This article presents an unbiased comparison of the political positions and policies of Josh Mandel and Sherrod Brown, candidates for the 2012 Senate Elections in Ohio.
Sherrod Brown, a member of the Democratic party and the incumbent, beat Josh Mandel to win re-election to a second term.
Josh Mandel was then current Ohio state treasurer and the Republican nominee for the 2012 Ohio Senate elections. Prior to joining politics, he served in the Marine Corps for 8 years where he was awarded the achievement medal for "superior performance of his duties" on two occasions.
Early Life and Career
Josh Mandel was born in Cleveland, Ohio, and earned a BA in communications from the Ohio State University and a JD from Case Western Reserve University of Law. He served with the US Marine Corps Reserves for eight years and was elected to the Ohio House of Representatives in 2006. He has been State Treasurer since 2010.
Sherrod Brown was born in Mansfield, Ohio, and gained a BA in Russian studies at Yale University in 1974. He earned both a Master of Public Administration and an MA in education from Ohio State University and taught at the university as well as serving as an Ohio State Representative between 1974 and 1982. He became Secretary of State in 1982 and was in the US House of Representatives from 1992 to 2006, when he became a U.S. Senator.
Differences in Economic Policy
Josh Mandel supports a simplified tax code using only one or two brackets and eliminating most credits and exemptions. He wants to eliminate the estate tax. 
Josh Mandel supports the Balanced Budget Amendment and making the federal government responsible for its spending. 
Sherrod Brown supports the Balanced Budget Amendment and a five-year freeze on federal spending. 
Josh Mandel has not spoken about social security.
Sherrod Brown opposes any cuts or privatization of Social Security. 
Josh Mandel opposes Obama’s Affordable Health Care Act. He believes health insurance should be purchasable over state lines and that there should be more choice and competition in insurance and health care providers. 
Sherrod Brown supports legal abortion. 
Josh Mandel has not spoken about immigration issues.
Sherrod Brown supports gay marriage and gay adoptions. 
Josh Mandel has not spoken about women’s rights.
Josh Mandel supports increased choice for parents when selecting schools and believes in using free market principles to improve education, including public, charter and private schools. 
Sherrod Brown supports increased federal funding for education. He opposed creating vouchers for private and religious schools. 
Josh Mandel believes energy independence should be a national priority. He opposes federal barriers to drilling and refining oil and supports the Keystone Pipeline. 
Sherrod Brown supports energy independence through clean energy sources. He introduced the Program for Offshore Wind Energy Research and Development to encourage the development of the wind energy sector and is now spearheading a solar power initiative. 
Differences in Foreign Policy
Position on Iran
Josh Mandel declared Iran a threat to all democracies. 
Sherrod Brown supports economic sanctions against Iran until it ceases its nuclear program.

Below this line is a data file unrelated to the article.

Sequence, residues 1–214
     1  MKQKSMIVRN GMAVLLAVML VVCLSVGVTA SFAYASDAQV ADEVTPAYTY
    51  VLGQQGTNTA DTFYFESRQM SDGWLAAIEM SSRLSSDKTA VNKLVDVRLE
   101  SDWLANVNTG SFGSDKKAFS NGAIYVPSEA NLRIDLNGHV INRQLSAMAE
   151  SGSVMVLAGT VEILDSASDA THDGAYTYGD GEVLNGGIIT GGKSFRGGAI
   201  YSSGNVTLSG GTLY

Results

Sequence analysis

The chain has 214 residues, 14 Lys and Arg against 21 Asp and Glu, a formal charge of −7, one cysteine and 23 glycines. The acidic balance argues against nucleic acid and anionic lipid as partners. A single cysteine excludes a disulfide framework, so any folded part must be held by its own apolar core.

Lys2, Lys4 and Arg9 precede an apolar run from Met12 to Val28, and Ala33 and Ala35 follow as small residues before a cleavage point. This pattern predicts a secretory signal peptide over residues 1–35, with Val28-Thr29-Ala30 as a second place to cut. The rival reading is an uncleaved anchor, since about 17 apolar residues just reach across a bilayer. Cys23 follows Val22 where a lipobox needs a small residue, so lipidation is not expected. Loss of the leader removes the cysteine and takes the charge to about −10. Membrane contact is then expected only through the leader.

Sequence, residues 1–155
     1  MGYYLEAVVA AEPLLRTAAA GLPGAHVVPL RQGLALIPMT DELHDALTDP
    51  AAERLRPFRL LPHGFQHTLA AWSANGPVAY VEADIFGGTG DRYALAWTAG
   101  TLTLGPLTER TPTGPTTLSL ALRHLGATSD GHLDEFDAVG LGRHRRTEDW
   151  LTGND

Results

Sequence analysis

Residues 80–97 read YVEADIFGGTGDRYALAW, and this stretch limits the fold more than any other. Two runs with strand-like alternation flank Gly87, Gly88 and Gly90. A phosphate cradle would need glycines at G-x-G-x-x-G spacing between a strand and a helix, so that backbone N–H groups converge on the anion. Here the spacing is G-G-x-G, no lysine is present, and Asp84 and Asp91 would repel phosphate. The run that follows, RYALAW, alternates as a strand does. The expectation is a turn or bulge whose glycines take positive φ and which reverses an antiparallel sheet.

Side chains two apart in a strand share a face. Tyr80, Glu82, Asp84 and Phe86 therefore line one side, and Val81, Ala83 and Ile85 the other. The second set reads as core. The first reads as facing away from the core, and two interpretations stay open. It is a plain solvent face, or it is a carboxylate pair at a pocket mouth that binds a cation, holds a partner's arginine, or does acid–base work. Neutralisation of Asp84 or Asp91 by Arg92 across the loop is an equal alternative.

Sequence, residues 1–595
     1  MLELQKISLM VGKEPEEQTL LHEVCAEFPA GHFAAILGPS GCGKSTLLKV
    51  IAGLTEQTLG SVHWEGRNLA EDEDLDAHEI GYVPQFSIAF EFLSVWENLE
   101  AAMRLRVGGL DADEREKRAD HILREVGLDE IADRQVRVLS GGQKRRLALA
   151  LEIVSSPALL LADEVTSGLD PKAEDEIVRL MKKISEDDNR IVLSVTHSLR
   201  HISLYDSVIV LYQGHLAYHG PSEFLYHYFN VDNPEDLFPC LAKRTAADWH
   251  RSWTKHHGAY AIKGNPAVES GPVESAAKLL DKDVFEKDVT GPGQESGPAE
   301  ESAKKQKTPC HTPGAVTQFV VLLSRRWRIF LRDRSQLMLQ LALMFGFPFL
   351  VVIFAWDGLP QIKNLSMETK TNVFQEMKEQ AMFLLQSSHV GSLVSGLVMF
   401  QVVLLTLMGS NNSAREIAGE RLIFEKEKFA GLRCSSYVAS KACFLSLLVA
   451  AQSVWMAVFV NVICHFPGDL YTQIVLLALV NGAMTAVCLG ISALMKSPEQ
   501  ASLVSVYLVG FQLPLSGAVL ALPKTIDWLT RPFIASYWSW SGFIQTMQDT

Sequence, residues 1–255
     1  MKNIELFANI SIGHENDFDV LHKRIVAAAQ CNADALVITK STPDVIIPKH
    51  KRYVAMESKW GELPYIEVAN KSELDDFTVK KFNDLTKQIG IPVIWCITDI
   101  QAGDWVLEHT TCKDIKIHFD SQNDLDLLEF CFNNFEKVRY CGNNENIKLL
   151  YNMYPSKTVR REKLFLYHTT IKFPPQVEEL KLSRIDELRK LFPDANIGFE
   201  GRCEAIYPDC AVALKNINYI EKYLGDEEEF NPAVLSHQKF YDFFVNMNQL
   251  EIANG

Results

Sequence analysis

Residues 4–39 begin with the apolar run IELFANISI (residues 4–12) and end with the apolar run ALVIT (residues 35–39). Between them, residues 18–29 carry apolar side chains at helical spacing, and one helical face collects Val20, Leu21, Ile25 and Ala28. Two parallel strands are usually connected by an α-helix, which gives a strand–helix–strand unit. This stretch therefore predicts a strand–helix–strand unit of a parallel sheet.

Position of Iraq
Josh Mandel has not spoken about Iraq.
Sherrod Brown voted against military intervention in Iraq. 
Money spent on the race
The Mandel-Brown race is the most expensive in Ohio history; the candidates raised a combined total of over $25 million by July 2012.
The first debate between Sherrod Brown and Josh Mandel was held on October 15, 2012.
Mandel vs Brown in Opinion Polls
Sherrod Brown has maintained a small lead over Josh Mandel in opinion polls in Ohio.
|Poll source||Date(s) administered||Sherrod Brown (D)||Josh Mandel (R)|
|Public Policy Polling||October 12–13, 2012||49%||42%|
|Rasmussen Reports||October 10, 2012||47%||46%|
|NBC/WSJ/Marist Poll||October 7–9, 2012||52%||41%|
|SurveyUSA||October 5–8, 2012||42%||38%|
|Rasmussen Reports||October 4, 2012||46%||46%|
|NBC/WSJ/Marist||September 30–October 1, 2012||50%||41%|
|CBS/New York Times/Quinnipiac||September 18–24, 2012||50%||40%|
|Washington Post||September 19–23, 2012||53%||41%|
|Gravis Marketing||September 21–22, 2012||44%||43%|
|Fox News Poll||September 16–18, 2012||47%||40%|
|Ohio Newspaper Organization||September 13–18, 2012||52%||45%|
|Rasmussen Reports||September 12, 2012||49%||41%|
|NBC/WSJ/Marist Poll||September 9–11, 2012||49%||42%|
|Public Policy Polling||September 7–9, 2012||48%||40%|
|Gravis Marketing||September 7–8, 2012||47%||42%|
|Columbus Dispatch||August 15–25, 2012||44%||44%|
|Ohio Poll||August 16–21, 2012||48%||47%|
|Quinnipiac||August 15–21, 2012||48%||45%|
|Rasmussen Reports||August 13, 2012||44%||44%|
|Quinnipiac||July 24–30, 2012||51%||39%|
|Magellan Strategies||July 23–24, 2012||45%||38%|
|Rasmussen Reports||July 18, 2012||46%||42%|
|Quinnipiac||June 19–25, 2012||50%||34%|
|Public Policy Polling||June 21-24, 2012||46%||39%|
|Rasmussen Reports||May 29, 2012||47%||42%|
|NBC News/Marist||May 17–20, 2012||51%||37%|
|Quinnipiac||May 2–7, 2012||46%||40%|
|Public Policy Polling||May 3–6, 2012||45%||37%|
|Rasmussen Reports||April 18, 2012||44%||41%|
|Rasmussen Reports||March 26, 2012||43%||43%|
|Quinnipiac||March 20–26, 2012||46%||36%|
|NBC News/Marist||February 29-March 2, 2012||47%||37%|
|Quinnipiac||February 7–12, 2012||48%||35%|
|Rasmussen Reports||February 8, 2012||44%||40%|
|Public Policy Polling||January 28–29, 2012||47%||36%|
|Quinnipiac||January 9–16, 2012||47%||32%|
|Public Policy Polling||November 4–6, 2011||48%||35%|
|Quinnipiac||October 17–23, 2011||49%||34%|
|Public Policy Polling||October 13–16, 2011||48%||40%|
|Quinnipiac||September 20–25, 2011||49%||36%|
|Public Policy Polling||August 11–14, 2011||48%||33%|
|Quinnipiac||July 12–18, 2011||49%||34%|
|Public Policy Polling||May 19–22, 2011||48%||31%|
|Quinnipiac||May 10–16, 2011||45%||31%|
|Public Policy Polling||March 10–13, 2011||48%||32%|